5 Ways Working Out Improves Mental Health
One of the best ways to keep our minds healthy and fit is exercise. Working out regularly not only helps keep us in good physical health, but it plays a vital role in maintaining our mental health as well. Here are six ways exercising can help improve our overall mental well-being.
Stress is largely measured by levels of the stress chemical cortisol in the brain. When we experience stress, the spikes in cortisol trigger our sympathetic nervous system, activating the fight-or-flight autonomic response. However, prolonged stress never allows our parasympathetic nervous system to counter this response. Exercise helps reduce cortisol levels in our brain, allowing our body to rest and recover from the system overload our stress response created.
Working out releases a ton of feel-good chemicals in our brain. Neurotransmitters like dopamine, norepinephrine, and serotonin all work to elevate our mood and reduce the brain’s response to stress. Exercise also releases endorphins, which work to alleviate physical pain but also produce an elevated sense of overall well-being. And the effects last up to twenty or thirty minutes after a workout session.
Sleep is when our brain is able to rest and recover from the stress of our day. But getting high-quality sleep can be a struggle as cortisol works to minimize the production and release of melatonin, a necessary component to falling and staying asleep. Exercise helps lower the overall cortisol levels in our brain, but it also works to prime our body for sleep in other ways. Our core temperature rises and then falls, which regulates our body’s sleep-wake cycle. This means regular exercise helps us fall asleep faster and stay in deep sleep longer, all of which works to improve our mental health.
Regular exercise stimulates new brain cell growth, improving overall brain functionality. But recent studies show that regular aerobic exercise, in particular, increases cell production in the hippocampus which boosts learning and memory. Exercising moderately for thirty minutes a day showed immediate improvement in recall tests. Even more exciting, this improvement extended into long-term memory for areas individuals were studying and their overall recall and retention abilities showed marked improvement as well.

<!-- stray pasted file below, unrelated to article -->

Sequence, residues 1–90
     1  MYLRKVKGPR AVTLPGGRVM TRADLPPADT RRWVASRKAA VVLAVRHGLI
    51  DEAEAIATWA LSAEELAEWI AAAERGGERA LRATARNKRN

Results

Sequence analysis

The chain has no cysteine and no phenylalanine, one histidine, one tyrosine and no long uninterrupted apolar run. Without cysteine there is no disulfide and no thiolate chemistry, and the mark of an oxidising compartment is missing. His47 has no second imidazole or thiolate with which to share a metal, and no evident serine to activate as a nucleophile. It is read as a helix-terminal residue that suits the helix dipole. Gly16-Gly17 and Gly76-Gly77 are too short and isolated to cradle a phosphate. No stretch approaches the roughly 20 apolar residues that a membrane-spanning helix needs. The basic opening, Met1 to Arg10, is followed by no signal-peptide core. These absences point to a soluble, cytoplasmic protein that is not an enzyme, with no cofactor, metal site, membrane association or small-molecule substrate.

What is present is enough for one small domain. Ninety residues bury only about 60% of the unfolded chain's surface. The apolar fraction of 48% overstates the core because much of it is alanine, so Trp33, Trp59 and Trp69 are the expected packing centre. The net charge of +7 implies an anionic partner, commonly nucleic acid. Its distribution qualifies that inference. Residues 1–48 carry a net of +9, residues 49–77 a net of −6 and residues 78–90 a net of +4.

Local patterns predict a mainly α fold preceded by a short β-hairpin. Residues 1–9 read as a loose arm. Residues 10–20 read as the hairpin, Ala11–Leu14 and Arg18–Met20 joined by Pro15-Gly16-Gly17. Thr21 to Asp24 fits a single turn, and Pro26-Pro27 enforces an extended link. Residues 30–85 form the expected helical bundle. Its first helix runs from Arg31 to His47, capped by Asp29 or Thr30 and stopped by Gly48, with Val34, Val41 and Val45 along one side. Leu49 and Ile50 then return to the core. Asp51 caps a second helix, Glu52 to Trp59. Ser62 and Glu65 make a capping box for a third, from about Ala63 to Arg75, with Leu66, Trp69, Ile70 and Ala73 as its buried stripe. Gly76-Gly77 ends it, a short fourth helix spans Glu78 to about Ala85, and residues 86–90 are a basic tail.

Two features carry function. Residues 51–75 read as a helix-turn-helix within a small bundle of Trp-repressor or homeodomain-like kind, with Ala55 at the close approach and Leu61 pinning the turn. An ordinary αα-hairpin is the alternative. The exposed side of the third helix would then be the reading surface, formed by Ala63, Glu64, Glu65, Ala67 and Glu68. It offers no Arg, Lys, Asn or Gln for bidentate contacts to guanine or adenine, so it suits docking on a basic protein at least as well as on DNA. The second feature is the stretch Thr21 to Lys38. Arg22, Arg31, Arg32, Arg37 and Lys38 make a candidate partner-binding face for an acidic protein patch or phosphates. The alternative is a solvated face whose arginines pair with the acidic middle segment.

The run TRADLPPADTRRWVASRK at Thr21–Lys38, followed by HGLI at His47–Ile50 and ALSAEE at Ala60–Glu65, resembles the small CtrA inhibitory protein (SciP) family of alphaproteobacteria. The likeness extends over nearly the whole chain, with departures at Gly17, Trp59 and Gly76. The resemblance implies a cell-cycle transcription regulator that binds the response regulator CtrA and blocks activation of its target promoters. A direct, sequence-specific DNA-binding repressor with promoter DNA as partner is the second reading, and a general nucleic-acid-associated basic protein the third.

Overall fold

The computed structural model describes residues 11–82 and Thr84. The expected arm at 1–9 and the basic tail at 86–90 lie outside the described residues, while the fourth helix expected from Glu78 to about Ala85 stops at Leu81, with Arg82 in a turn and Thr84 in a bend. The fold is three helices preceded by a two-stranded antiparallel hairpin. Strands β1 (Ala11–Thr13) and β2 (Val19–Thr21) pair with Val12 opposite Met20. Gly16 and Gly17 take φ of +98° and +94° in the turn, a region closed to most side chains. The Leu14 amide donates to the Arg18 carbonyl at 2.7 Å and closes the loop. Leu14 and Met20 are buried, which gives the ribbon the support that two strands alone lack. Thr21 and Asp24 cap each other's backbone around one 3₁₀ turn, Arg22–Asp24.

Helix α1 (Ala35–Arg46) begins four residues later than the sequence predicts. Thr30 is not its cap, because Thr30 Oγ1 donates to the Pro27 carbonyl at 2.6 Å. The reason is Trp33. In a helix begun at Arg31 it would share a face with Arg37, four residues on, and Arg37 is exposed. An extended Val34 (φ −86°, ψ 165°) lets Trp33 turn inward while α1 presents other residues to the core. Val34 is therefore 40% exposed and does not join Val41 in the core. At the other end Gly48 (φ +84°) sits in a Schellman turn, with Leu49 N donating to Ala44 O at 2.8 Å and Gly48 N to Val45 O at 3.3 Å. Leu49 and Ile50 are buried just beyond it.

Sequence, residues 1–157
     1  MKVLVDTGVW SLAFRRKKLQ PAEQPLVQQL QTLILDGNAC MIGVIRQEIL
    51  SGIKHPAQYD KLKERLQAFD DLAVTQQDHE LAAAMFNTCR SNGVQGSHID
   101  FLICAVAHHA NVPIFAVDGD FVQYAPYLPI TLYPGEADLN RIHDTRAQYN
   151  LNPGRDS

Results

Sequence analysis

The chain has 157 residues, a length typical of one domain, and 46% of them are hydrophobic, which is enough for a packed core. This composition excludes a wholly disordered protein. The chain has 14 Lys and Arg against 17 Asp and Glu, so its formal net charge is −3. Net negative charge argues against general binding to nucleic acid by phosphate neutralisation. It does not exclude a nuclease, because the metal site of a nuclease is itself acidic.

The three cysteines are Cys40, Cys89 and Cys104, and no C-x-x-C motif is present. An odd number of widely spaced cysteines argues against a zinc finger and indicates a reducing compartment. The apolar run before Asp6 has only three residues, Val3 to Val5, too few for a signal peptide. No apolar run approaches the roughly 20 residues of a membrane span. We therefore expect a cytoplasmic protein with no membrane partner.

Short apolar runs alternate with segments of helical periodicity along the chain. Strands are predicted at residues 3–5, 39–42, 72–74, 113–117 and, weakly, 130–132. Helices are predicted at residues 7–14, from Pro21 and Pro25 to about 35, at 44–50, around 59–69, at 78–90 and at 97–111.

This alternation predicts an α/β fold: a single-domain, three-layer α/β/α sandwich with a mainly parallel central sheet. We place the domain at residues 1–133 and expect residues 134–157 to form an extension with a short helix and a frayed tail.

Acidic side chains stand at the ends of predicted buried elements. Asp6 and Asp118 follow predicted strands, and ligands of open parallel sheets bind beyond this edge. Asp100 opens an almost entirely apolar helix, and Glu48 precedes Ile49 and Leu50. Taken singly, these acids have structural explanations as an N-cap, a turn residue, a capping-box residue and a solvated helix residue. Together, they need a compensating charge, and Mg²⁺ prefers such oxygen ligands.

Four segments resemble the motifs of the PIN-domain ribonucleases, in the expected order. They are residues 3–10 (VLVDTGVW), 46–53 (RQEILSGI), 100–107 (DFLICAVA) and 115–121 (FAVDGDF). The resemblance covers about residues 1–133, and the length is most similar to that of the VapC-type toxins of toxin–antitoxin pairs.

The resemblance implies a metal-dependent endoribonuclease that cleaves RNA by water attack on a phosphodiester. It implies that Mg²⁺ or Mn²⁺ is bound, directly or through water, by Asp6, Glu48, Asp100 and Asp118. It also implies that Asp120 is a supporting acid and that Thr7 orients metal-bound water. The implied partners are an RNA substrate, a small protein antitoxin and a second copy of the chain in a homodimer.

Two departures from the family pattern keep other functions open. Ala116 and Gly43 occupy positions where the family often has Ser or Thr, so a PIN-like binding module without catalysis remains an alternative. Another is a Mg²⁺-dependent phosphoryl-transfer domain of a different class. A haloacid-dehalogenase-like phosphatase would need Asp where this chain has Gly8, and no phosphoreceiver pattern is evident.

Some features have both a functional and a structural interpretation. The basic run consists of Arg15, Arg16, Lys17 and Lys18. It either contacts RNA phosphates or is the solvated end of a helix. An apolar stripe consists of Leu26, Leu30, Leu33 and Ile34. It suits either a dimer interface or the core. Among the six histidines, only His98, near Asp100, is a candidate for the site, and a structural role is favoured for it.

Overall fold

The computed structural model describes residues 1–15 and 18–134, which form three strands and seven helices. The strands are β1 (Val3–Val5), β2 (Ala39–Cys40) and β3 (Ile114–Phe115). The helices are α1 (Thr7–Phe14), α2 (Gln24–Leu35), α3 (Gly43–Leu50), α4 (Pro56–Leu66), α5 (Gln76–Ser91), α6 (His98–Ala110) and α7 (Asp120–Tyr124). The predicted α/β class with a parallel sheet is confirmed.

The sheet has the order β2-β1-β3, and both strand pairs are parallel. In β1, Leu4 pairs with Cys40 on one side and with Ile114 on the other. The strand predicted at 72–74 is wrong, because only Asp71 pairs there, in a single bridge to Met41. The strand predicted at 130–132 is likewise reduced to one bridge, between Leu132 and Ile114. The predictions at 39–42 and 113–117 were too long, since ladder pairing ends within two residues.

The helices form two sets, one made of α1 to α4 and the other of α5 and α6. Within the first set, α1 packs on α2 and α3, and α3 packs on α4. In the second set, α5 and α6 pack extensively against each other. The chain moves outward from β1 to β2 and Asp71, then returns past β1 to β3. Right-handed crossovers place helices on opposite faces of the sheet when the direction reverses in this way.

Helps blood circulation
Exercise gets our heart pumping, increases our oxygen intake, and increases our blood flow. All of this works to bring our muscles, especially our brain, increased oxygen levels, and nutrients. Increased blood flow also helps maintain arterial health, ensuring that blood flow occurs at optimal levels, even when we’re resting. This improvement of oxygen levels helps our overall cognitive functionality, helping us think faster and make better decisions.
Exercising for thirty minutes a day has numerous benefits for our body and brain. It can help relieve stress, improve overall brain function, help us get better sleep, and more. There are a ton of great exercise routines to fit every schedule and health needs, but always speak with a health practitioner to ensure the right fit. Making exercise part of our daily routine is a fantastic way to take care of our bodies and brains as we age, providing a boost to our mental well-being right away.